I received a few text messages from friends saying that they didn’t mean to start a family fight. I wasn’t exactly sure what they meant, but later that evening, I opened my messenger app because I needed an address for a friend and I saw another message from my cousin mentioning something about a Facebook discussion. It was 10 p.m. and I thought it would be best if I didn’t check on it that evening.

I opened up Facebook this morning to 38 notifications. Normally I’d be happy about that, but I clicked on a few. There were dozens of comments back and forth between friends and family members about Trump, the march, and everything in between, and it got nasty. I decided not to read through them. I really just didn’t want to be angry. So I decided to write something at the bottom more or less saying that I was disappointed something that I got positive vibes from devolved so quickly and that I’d happily message with anyone who wanted to continue the conversation via direct message.

I was upset, but I decided to turn back to my mission statement: I will use kindness and empathy to heal wounds, build bridges, and fight injustice. There are some people who get off on internet comment wars, but I’m not one of them. There are some people who like confrontation, I’m not one of them. There are some people who want to fight (in more ways than one) Trump supporters. I’m not one of them.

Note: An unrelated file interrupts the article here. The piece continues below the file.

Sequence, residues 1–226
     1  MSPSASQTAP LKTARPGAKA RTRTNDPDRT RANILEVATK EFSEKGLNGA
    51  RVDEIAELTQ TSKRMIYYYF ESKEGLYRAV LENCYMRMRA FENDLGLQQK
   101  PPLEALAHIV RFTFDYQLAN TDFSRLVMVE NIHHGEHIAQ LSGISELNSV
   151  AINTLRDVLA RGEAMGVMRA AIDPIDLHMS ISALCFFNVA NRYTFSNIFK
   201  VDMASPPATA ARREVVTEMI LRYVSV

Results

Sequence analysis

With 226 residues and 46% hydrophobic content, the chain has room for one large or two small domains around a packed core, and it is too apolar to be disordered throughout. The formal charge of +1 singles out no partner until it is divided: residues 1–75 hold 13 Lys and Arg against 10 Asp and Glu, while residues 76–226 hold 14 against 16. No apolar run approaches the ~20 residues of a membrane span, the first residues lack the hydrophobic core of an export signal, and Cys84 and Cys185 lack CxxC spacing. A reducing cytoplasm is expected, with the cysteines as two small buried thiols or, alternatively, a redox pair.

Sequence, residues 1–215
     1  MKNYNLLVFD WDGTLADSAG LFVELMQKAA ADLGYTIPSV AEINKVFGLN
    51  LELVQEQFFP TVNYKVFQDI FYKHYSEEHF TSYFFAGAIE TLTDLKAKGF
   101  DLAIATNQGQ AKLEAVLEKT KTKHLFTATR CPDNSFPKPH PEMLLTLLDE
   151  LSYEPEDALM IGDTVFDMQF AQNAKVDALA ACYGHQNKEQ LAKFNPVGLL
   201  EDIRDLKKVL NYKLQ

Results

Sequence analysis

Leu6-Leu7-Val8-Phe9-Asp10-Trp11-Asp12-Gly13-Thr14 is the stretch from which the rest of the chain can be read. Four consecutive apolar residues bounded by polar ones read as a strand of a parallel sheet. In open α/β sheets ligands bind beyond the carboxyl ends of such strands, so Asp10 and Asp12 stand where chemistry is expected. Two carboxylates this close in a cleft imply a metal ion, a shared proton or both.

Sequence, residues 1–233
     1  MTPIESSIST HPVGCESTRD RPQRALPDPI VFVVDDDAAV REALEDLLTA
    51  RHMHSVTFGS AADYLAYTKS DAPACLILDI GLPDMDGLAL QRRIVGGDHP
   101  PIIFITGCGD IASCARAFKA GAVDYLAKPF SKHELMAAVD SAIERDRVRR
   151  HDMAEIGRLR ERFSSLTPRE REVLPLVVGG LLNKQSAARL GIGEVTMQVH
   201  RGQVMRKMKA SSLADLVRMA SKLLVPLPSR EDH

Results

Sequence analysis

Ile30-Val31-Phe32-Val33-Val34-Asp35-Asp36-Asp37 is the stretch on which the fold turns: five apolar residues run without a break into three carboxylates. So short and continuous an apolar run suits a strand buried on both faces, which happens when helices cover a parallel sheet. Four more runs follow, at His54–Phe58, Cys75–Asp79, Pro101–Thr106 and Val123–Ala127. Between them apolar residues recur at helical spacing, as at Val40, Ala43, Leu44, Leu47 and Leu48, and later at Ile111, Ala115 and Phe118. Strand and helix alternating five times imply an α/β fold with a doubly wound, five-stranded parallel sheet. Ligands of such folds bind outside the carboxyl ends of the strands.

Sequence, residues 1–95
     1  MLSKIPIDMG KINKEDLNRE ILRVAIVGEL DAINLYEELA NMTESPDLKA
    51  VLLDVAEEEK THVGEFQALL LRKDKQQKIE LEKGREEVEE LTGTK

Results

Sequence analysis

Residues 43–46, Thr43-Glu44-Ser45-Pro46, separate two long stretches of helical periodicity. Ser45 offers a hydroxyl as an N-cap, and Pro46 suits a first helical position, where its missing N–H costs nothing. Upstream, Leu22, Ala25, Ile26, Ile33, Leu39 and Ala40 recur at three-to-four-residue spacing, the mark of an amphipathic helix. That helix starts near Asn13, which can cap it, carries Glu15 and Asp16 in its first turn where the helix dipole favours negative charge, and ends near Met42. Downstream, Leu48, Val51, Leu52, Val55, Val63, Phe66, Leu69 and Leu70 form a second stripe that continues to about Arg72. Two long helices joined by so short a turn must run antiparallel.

However, I’m not going to be a pushover. After church on Sunday morning, I was eating donuts and drinking coffee with my parents and a couple of their friends came over to join us. I had seen them before, but I had never met them. The march eventually came up and the woman said that she couldn’t believe so many people were marching for abortion. That was not the case for me, or for probably lots of people. I doubt anybody would say that they were marching for abortion if they were asked that question.

My mom mentioned my sign and I said that I was marching to stand up to every awful thing Trump’s campaign represented. I said I was marching to support immigrants and refugees. That got the guy off. He went on to talk about how if we didn’t have a border, we wouldn’t have a country. And he said that America can’t take the whole world in. I took a deep breath.

I told him the story about a lawyer I know who fled Honduras after his mother was murdered by a gang. I told him that he claimed asylum in the U.S. and that he eventually went on to get his degree, law degree, and pass the bar. His practice now focuses on providing representation to low-income Spanish-speaking people in civil cases, a greatly underserved market. I told the guy that I was glad I lived in a country that had the mechanisms to get him here. It felt good to go off like that. I wasn’t unkind or mean, I just wanted to make sure my point of view was heard. It was. I left soon after that.